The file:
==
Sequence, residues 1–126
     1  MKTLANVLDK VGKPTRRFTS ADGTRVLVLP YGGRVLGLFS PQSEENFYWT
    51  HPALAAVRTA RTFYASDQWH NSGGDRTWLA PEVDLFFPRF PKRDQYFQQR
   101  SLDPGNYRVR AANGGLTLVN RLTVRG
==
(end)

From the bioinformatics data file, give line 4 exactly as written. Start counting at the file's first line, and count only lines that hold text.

   101  SLDPGNYRVR AANGGLTLVN RLTVRG